Shedding some dead skin

Ok, maybe I could have thought of a better title.

I just wanted to say that I feel like I left a little bit of me behind as I settled down in a new city. I began to sleep before 11, while this whole summer I always slept somewhere between 1am and 5am. For the first time in 7 years, my school is not a few minutes walk away, but 40 minutes of subway. I am finally studying game art full time (10am to 5:30pm, five days a week, for twelve weeks) and so, of course, most of the conversations with my classmates have been about games, movies, what makes a particular entertainment work unique, etc. The concept of “elite” no longer sticks to my mind for everything I do: everyone around me AND I are just normal people. (I love that I can always get away with saying I study “in the US” and no one asks further where *exactly* I go to school). I am enjoying the new routines and mindset that I am adopting, and, so, here’s to a little new chapter of my life!

Thoughts from the first week of my game art course

1. taking inspiration from all art mediums

On the first day, our teacher talked about art bibles, which is a master document that defines the visual style of the game: time period, location, architecture style, color palette, textures, patterns, lighting, props, etc. It defines the tone of the world that will be created, based on the narrative and mechanics of the game. And our first major assignment was to create an art bible for our first big project. (We have two projects for the course, each taking six weeks)

When our teacher talked about taking inspirations for designing game environments, he specifically told us to NOT look at other games but every other creative medium: fine art, fashion, architecture, industrial design, etc. Simply this one comment made me feel so much better about myself coming into game art, because I haven’t played a lot of games, though I love creating virtual environments. All of a sudden, my past explorations of diverse art and design fields (which was essentially just me getting unsatisfied with the limits of every field I began to learn about and jumping to something new only to get disappointed again) became my advantage in game art. I started to think that perhaps people in other creative industries would say the same thing as my game teacher, that maybe I had been too harsh on myself for not having settled with and specialized in any creative skill or discipline. 

2. art direction

As soon as I heard about the art bible assignment, I screamed internally: I WANT TO DO THIS ALL THE TIME.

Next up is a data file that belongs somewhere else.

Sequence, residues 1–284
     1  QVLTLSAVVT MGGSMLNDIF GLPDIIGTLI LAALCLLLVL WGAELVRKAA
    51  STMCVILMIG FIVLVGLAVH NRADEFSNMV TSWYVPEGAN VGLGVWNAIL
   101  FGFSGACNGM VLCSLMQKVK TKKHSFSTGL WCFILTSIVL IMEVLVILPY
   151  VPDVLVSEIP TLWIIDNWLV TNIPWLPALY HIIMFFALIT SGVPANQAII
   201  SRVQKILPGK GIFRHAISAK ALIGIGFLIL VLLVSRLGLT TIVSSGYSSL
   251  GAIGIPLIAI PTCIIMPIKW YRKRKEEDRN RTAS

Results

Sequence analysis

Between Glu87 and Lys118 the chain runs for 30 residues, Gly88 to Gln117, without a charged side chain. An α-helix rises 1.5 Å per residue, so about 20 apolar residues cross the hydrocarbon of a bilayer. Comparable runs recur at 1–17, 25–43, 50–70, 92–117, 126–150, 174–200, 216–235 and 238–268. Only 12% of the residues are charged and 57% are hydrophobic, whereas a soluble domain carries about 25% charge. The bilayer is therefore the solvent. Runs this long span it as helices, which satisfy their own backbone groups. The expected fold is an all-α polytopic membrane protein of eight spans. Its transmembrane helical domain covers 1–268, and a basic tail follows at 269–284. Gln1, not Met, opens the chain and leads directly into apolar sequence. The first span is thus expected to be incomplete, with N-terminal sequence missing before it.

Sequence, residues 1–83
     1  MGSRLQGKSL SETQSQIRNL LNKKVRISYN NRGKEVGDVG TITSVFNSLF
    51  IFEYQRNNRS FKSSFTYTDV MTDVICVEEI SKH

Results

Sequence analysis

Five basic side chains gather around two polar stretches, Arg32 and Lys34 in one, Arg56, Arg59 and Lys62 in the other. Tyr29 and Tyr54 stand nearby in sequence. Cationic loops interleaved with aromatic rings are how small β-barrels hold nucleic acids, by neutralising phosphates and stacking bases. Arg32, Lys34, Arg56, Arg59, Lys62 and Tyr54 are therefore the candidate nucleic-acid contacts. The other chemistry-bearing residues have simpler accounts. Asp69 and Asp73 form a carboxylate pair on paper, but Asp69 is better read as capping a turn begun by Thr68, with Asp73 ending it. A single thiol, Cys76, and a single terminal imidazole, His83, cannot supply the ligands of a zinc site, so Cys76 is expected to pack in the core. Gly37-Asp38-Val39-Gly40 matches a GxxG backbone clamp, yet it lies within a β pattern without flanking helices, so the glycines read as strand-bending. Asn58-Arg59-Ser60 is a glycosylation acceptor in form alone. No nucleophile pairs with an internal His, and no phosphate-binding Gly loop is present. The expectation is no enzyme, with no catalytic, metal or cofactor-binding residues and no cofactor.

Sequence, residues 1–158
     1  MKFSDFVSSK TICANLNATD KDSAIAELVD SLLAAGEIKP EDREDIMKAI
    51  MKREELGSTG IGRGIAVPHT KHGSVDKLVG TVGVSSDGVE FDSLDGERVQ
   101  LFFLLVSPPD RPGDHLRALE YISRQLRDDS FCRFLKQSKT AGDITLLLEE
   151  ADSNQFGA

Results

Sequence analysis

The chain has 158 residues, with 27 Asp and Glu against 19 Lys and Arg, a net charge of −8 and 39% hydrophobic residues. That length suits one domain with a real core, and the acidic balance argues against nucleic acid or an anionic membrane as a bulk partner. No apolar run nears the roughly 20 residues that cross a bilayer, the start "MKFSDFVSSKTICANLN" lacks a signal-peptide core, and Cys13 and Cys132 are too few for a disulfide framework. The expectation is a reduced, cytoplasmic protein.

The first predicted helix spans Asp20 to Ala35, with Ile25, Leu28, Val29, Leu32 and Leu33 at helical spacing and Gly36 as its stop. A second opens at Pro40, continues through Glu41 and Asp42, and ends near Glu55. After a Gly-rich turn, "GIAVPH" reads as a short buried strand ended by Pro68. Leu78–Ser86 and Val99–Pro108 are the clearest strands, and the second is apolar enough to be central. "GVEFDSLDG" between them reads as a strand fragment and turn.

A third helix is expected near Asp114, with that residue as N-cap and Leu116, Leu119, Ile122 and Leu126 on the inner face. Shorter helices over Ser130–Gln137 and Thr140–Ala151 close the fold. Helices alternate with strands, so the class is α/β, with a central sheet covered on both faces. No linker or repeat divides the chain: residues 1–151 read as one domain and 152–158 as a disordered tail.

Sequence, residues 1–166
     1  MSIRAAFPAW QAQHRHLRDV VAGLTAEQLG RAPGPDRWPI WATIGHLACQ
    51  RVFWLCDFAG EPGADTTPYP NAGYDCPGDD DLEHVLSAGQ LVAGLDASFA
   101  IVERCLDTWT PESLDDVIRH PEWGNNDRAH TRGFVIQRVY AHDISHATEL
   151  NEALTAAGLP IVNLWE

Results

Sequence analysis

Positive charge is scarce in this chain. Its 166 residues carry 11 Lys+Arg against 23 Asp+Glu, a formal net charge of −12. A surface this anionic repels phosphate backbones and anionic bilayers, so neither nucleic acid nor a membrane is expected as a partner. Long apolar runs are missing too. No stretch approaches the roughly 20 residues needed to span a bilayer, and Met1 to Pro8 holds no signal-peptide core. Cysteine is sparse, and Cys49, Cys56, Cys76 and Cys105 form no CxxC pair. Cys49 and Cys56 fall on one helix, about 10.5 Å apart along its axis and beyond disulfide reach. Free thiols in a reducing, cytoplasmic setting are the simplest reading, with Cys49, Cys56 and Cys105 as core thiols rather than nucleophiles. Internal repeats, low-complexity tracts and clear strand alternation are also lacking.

A huge interest of mine is worldbuilding. I have been planning to make it my independent major when I go back to college. Essentially, I love thinking about how the internal world externalizes, how the spiritual world manifests itself into textures, smells, light and shadows, spatial relations, etc. I mean, my summer research was basically on the topography of awe. Also, from painting (2D), to sculpture (3D), to installation (bigger than sculpture), to architecture (a total installation), and now to game/VR art (architecture but with interaction), my path of creative exploration can almost be summarized as a linear one extending towards the infinite of immersion.

My teacher said that art directors in game essentially create art bibles and decide what the virtual world looks like, which is probably one of the most exciting things a lover of worldbuilding would want to do. I knew art directors existed before this course but it only dawned on me this week that I would want to do something like what art directors do, and for that kind of job, I am actually more than on the right track!

3. my art bible

So my idea for the first project is making a modern temple for the worshippers of kawaii. I’m only making the interior of it because we’re supposed to make a top-down platform for this project. It is a little eccentric, I know, and certainly I can’t think of anyone who has done anything like it--which makes me even more excited because I love feeling unique in what I do, lol. And here’s my art bible. It’s a very big document so it will take a while to download.

A documentary recommendation

Abstract: Season 2.

My artist idol, Olafur Eliasson, is featured in the first episode of this season!!

Also, in the episode featuring Neri Oxman from MIT Media Lab, Neri provided a SUPER COOL model connecting art, science, engineering, and design:

“Usually art is for expression, science is for exploration, engineering is for invention, and design is for communication. I said why can’t we…create a circle out of them, a clock where you’re constantly moving or shifting from one domain to another. And the input for one domain becomes the output for another. So.. science converts information into knowledge, and engineering converts knowledge into utility, and design converts utility into cultural behavior and context, and then art is taking that cultural behavior and questions our perception of the world.” 

Neri was trained in both biology and architecture. She does research on materials while making really cool architecture works informed by her research. 

Two videos

1. Tim Ferriss’s ted talk

The title of the TED talk doesn’t do the content justice. From the title it looks like just another generic videos about moving towards discomfort and yada yada without giving anything concrete. 

BUT, this talk is not that! Tim Ferriss actually gives a very specific exercise here for making decisions while facing your major fears. Check it out.

2. Tim Ferriss on batching

A very short video about a productivity advice that I thought made a lot of sense and was very helpful.